7. Lucky Partners

    Lucky Partners Well-Known Member

    Scott,

    There are several Appendix at the end of the book but nothing by way of source notes. I will email Stan today.

    Did find one very interesting Appendix that I had not noticed before, Casualties. How often have we know of a person who died in service but could find no MACR or other document to provide details? This appendix gives a short note about men who died in ground accidents, hit by a truck, fell of a roof, shot by accident, etc, as well as men who came home from a mission seriously wounded and died several days later in the hospital. In vol 1 this appendix runs 25 pages so provides a fair number of names. Listed in date of death order so not necessarily easy to search and usually does not include an a/c s/n. Once again could not get into scanned so photos attached.

    Hal



    appendix 1.jpg


    appendix 2.jpg
     
    Airwar and 25Kingman49 like this.
  8. 25Kingman49

    25Kingman49 Well-Known Member

    Thank you, Hal.

    Regarding the other ship on BBW, the AAM attributes 'Thar She Blows Again' to s/n 42-40127 http://www.americanairmuseum.com/aircraft/19313 also supported here http://blogs.mprnews.org/newscut/20...st-diary-stories-of-aerial-suicide-mission-2/ with the same crew photo used on BBW for 41-24130. This ship was also in Libya assigned to 329th BS, 93rd BG, 8th AF. TDY 9th AF. This ship survived the North Africa service going on to serve with the 458th BG as an assembly ship *First Sergeant*.

    Joe Baugher http://www.joebaugher.com/usaf_serials/1942_2a.html
    B-24D-30-CO-42-40127: "afer use by 329th BS, 93rd BG as "Thar She Blows Again", became 458th BG and named "Bucket of Bolts" later as assembly ship with 485th BG and named "First Sergeant". Burned out in flare accident May 1944 and replaced by 41-28967. During the loading of the aircraft’s Very signal pistol, the gun discharged and lit other stored flares, resulting in the aircraft burning to the ground."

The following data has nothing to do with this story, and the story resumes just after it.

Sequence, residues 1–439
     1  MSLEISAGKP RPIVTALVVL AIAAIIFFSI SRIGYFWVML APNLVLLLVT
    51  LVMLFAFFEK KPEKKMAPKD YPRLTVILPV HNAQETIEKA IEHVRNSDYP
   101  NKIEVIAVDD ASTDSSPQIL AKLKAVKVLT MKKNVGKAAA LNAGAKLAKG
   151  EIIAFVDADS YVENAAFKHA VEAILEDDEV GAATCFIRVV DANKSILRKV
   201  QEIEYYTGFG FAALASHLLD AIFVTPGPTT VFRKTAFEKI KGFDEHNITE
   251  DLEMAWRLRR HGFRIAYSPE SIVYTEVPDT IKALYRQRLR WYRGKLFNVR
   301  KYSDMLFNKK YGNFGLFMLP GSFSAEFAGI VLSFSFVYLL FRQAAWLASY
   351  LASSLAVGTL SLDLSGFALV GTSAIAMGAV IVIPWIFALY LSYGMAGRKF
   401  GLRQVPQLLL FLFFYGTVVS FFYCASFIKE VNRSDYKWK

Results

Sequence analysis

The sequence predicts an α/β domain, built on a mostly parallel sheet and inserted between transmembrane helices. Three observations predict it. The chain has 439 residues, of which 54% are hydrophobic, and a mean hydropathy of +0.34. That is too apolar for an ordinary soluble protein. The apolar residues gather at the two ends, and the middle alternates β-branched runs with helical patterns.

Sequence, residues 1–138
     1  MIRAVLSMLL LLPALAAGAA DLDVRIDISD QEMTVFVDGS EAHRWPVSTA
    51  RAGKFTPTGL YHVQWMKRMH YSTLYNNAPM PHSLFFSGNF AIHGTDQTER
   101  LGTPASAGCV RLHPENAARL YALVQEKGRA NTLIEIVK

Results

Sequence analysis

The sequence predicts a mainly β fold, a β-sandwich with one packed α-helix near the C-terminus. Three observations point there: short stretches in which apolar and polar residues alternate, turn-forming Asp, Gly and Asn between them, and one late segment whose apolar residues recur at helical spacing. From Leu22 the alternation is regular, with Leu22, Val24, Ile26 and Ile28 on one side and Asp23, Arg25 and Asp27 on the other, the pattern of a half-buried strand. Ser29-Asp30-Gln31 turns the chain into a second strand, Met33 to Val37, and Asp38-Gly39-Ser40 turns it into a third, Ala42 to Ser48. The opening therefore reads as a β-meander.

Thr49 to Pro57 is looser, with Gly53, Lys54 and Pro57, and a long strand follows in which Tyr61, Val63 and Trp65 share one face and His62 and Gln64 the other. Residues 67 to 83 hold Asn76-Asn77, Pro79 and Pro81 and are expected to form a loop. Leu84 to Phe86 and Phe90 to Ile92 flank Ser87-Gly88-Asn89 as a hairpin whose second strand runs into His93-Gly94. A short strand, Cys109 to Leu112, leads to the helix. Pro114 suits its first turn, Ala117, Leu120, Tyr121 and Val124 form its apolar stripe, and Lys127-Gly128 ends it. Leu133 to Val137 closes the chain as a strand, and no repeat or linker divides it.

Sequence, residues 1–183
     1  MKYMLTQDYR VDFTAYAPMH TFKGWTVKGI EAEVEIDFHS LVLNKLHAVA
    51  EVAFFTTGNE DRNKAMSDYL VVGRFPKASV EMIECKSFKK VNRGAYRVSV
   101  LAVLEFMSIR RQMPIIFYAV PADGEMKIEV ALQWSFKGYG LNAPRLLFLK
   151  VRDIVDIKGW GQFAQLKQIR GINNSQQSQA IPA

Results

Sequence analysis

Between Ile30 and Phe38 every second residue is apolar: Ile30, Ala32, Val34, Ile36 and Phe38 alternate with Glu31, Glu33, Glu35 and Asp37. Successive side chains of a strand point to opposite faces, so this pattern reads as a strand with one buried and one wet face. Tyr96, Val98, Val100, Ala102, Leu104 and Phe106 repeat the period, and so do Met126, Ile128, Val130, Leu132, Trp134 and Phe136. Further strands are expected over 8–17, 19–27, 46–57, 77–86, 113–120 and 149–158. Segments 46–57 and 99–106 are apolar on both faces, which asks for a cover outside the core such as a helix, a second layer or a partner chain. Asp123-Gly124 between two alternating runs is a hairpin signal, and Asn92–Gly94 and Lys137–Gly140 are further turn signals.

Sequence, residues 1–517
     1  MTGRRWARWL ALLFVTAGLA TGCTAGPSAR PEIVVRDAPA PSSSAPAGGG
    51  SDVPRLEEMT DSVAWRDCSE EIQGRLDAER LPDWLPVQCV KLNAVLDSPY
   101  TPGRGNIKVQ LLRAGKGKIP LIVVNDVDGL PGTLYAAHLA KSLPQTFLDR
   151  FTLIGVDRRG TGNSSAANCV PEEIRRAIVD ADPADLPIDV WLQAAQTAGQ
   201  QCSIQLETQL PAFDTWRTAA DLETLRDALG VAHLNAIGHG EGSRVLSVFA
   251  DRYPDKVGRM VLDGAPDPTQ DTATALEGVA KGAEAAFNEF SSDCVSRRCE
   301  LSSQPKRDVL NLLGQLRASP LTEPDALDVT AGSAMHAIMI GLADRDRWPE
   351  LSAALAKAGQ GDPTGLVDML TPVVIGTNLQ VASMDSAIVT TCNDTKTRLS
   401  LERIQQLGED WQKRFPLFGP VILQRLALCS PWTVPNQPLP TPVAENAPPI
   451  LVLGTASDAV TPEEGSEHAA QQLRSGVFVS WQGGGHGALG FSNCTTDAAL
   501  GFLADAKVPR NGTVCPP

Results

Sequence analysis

At least the good news for BBW is they now have a new photo for 42-40127 http://search.freefind.com/find.html?lang=en&id=47862833&pageid=r&query=42-40127 where before they only had photos of it as an assembly ship.
     
    Last edited: Jun 4, 2016
    Airwar and Lucky Partners like this.
  9. Lucky Partners

    Lucky Partners Well-Known Member

    Scott,

    Excellent find on that diary!


    Mike,

    20 years worth of newsletters are available on the web site of the 93rd Bomb Group. It might be worth a little of your time to scan through them. In particular check the letters to the editor, just spotted one where a writers father had served on Thar She Blows. Lots of people out there looking for information just like you, might spot someone who has your answers. Even spotted one letter from our own Jaap (Airwar).

    http://www.93bg.com/#!newsletter-bofqe/c1anh
     
    Last edited: Jun 4, 2016
    Airwar likes this.
  10. Mike reagan

    Mike reagan New Member

    That is an excellent idea. I have been in contact with Don Morrison, to whom I have offered some photos, and I will post some photos of my uncle and a couple of the other crewmen (Maruna and Ciccarelli) here very soon - I want to cull through them for the best shots - some are rather poor quality. For those of you that frequent Find-A Grave, I have a couple of the photos there for George A. Reagan, and on the memorial for Lt. McPeters, a photo of him and the text of a letter he wrote to somebody back home, shortly before the crew was killed. I should post that same info here, I think people may find it interesting. I am also hitting relatives up back in Pennsylvania who may be hoarding any photos of "Buddy" during his service period that I have not seen.
     
  11. Mike reagan

    Mike reagan New Member

    Letter written by Lt. Foster C. McPeters to a friend back home - dated 4 July 1943, and printed in the Clovis News-Journal in August, 1943:

    "You know, Bob,we young bucks have a lot to be fighting for. Just thinking of all our friends back home, and the sacrifices you are making makes you realize the value of friendships and the necessity of preserving the American way of living. We are doing our best too, from the privates in training to the generals in command. Not for us, not for you, but for everyone and the generations to come."
     
  12. Mike reagan

    Mike reagan New Member

    Buddy.jpg

    Photo of men from the McPeters crew, taken appx. March 1943 in Tucson, AZ during training - L-R Sgt. George Ciccarelli, S/Sgt. John Maruna, and S/Sgt. George Reagan. The occasion was probably John's marriage to his wife Anne, who appears in another shot with the same tree behind them.
     
    Airwar likes this.

Share This Page